Lemay said that his research in the Gilford/Gilmanton town annuls shows that Emerson Road may be the oldest road in the township. He said he lives in a home that was built in 1787 (when Gilford was still part of Gilmanton) that was originally built by Noah Weeks.

He said Noah Weeks was either a cousin or a brother to Ben Weeks who built Week's Farm on Belknap Mountain Road.

"They wanted to be close enough to visit but not close enough to bother," Lemay recounted reading.

He said the there are two parcels of land and he owns both of them. The one with his home is a 15-acre lot while across Emerson Road is a second 35-acre lot he uses as a small Christmas tree farm. The lots have never been merged.

There is a 25-foot horse trail that leads from the end of Emerson Road into the woods. Lemay believes that at one point in time it led to Weeks Farm as well as Merrymeeting Road, which remained in Gilmanton when Gilford broke away in 1804.

Lemay contends that when he and his wife bought their home, Emerson Road  was a public  and it's unlikely he would have purchased it if it was on a private road. He also said that his tax rate is based on the fact that he lives on a town-owned and -maintained road, which is reflected in his tax rate that has gone from about $1,000 in 1979 to $5,000 in recent years. The Christmas tree farm is in the "current use" tax shelter program.

He told selectmen that if the road ends up being his, he should get a commensurate tax break to compensate him for what it will cost him to maintain it. Emerson Road is about 75 yards long. At the end and in front of his home is a two-point turnaround used by Public Works employees in the winter. The town also grades it annually.

At Wednesday's selectman's meeting, John Scudder and Sylvia Nichols of Pinecrest Drive attended to learn the status of their road. Although selectmen had visited their road earlier in the evening, the two said they missed meeting with them.

Nichols said she was initially concerned that after reading The Daily Sun two weeks ago, she thought her road was going to be closed. Dunn encouraged her to call him if she ever had a question about something she read in the newspaper concerning the town.

After the meeting, Scudder said he thought the classification concerning Pinecrest Drive had been settled about 10 years ago.

Yesterday, Dunn told The Daily Sun the town paid some money to one of the homeowners on Pinecrest Drive as the result of a legal settlement. He also said Pinecrest Drive would remain public and will be maintained by the town.

Foxborough Drive is posted as private property with a no trespassing sign. There is a small turn-around just off Belknap Mountain Road but three long driveways lead to homes. Apparently the town plows the entire loop, including the posted portion.

Mayor suggests city taking action against man allegedly selling used cars without zoning OK

LACONIA — When the City Council met this week, Mayor Ed Engler said that the city is taking steps to address complaints about the continued sale of used cars at Gulbicki's Towing & Auto Repair on Weirs Boulevard, the substance of which will be disclosed within the next two weeks.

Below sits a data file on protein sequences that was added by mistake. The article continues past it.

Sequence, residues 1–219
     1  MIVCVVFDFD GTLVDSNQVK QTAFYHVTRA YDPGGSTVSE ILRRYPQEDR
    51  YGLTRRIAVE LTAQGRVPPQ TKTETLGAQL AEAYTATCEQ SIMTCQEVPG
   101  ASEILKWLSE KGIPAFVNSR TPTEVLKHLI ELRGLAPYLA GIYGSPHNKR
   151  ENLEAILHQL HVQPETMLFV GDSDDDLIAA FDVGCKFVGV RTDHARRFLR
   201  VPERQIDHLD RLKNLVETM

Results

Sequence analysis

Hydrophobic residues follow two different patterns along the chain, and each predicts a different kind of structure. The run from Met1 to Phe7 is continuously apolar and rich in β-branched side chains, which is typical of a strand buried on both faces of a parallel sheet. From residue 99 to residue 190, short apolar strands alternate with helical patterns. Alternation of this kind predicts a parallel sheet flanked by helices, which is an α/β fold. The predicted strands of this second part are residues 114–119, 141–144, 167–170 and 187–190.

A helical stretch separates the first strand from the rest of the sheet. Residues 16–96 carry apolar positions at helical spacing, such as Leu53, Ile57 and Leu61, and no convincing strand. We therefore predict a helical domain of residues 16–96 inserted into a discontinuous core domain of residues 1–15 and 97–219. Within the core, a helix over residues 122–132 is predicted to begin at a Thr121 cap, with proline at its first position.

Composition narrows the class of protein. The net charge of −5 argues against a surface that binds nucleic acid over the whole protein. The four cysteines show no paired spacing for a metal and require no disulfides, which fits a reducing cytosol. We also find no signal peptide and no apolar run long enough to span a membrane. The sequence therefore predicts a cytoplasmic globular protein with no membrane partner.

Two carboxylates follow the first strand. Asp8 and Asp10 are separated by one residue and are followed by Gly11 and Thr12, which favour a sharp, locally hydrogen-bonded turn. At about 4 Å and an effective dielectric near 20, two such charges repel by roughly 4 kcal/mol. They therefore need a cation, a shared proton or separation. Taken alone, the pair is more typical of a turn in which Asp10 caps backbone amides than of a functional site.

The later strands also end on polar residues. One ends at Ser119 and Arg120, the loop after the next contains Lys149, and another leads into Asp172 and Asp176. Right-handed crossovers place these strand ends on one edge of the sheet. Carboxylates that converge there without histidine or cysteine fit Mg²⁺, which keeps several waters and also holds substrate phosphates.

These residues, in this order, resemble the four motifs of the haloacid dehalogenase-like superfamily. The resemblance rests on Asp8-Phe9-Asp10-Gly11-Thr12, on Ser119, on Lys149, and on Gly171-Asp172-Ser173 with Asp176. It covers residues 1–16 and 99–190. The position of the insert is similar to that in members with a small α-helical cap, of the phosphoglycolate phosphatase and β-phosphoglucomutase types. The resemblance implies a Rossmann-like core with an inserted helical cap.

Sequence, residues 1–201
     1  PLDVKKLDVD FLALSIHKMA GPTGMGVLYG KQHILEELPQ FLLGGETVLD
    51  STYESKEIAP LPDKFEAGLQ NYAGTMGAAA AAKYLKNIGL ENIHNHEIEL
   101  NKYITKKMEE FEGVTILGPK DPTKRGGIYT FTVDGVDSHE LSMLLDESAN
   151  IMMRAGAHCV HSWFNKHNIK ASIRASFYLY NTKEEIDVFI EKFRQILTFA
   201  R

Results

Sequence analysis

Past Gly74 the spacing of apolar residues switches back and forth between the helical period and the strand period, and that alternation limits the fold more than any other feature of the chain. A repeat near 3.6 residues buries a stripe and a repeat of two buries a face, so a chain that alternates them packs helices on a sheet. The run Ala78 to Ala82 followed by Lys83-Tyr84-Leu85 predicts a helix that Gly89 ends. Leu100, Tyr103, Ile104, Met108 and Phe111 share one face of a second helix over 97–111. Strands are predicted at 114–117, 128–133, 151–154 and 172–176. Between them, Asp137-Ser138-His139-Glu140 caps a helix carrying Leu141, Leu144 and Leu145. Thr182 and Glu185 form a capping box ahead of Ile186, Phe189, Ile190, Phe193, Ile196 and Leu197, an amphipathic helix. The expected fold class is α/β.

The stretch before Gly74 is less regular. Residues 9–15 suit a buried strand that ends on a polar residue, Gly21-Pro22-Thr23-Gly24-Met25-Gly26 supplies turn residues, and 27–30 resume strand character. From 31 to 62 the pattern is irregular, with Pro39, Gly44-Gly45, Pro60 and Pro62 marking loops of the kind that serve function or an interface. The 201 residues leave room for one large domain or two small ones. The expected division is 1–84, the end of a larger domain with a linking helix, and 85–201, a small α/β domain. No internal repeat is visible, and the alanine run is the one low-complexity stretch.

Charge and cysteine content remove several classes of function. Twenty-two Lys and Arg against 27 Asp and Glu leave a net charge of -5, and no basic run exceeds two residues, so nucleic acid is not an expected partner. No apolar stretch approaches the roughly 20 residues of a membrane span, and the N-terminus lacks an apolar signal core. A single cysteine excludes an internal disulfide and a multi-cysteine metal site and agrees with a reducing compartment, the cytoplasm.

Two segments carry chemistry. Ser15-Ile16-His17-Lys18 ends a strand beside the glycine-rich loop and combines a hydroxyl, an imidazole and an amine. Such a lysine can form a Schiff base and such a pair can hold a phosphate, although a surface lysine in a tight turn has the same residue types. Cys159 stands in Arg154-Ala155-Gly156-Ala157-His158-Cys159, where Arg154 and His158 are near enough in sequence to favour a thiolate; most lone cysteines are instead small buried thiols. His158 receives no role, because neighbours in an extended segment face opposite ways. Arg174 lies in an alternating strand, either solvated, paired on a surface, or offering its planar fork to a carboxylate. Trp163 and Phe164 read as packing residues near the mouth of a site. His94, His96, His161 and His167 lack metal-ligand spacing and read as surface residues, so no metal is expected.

Engler spoke in response to Denis Bourque, the owner of nearby property at 1187 Weirs Boulevard. For the second time this month, Bourque told the councilors that the business has operated in violation of the zoning ordinance for more than a year with the knowledge of city officials, who have done nothing to stop it. Earlier this month Bourque told the council "I've gone to the city and have gotten little or no help."

In 2011, C.J. Gulbicki applied to the New Hampshire Division of Motor Vehicles (DMV) for a license to sell used cars at his father's repair shop. When the DMV asked if used car sales were permitted at the location, Planning Director Shanna Saunders assured the agency they were and Gulbicki was issued a license in February 2012.

However, the property lies in the Commercial Resort District where used car sales are only permitted by a special exception granted by the Zoning Board of Adjustment. When Saunders realized her mistake, she advised Gulbicki to apply for a special exception, which the ZBA ultimately denied. Last year the DMV notified Gulbicki his license would be revoked. At Gulbicki's request, Saunders intervened, asking the agency not to revoke his license since he was seeking to rectify the situation.

This week, when Bourque pressed City Manger Manager Scott Myers to explain why the city intervened on Gulbicki's behalf, he was told that Gulbicki had agreed to dispose of remaining inventory and curtail future sales. Myers also said that enforcement actions "are not always successful," prompting Bourque to reply "that's smoke and mirrors . . . I don't buy the answer."

Nevertheless, in March the DMV revoked Gulbicki's license. Gulbicki has indicated he has made arrangements to operate a used car lot at 248 South Main Street where it is permitted by the zoning ordinance. Meanwhile, Bourque insists that Gulbicki has continued to sell cars from the property on Weirs Boulevard with the use of a cell phone and the website Craigslist, transactions Gulbicki claims are "private sales".

This week Engler assured Bourque that enforcement actions are "underway". He said these steps cannot be discussed in public at this time, but urged Bourque to return in two weeks when an explanation of the measures would be forthcoming.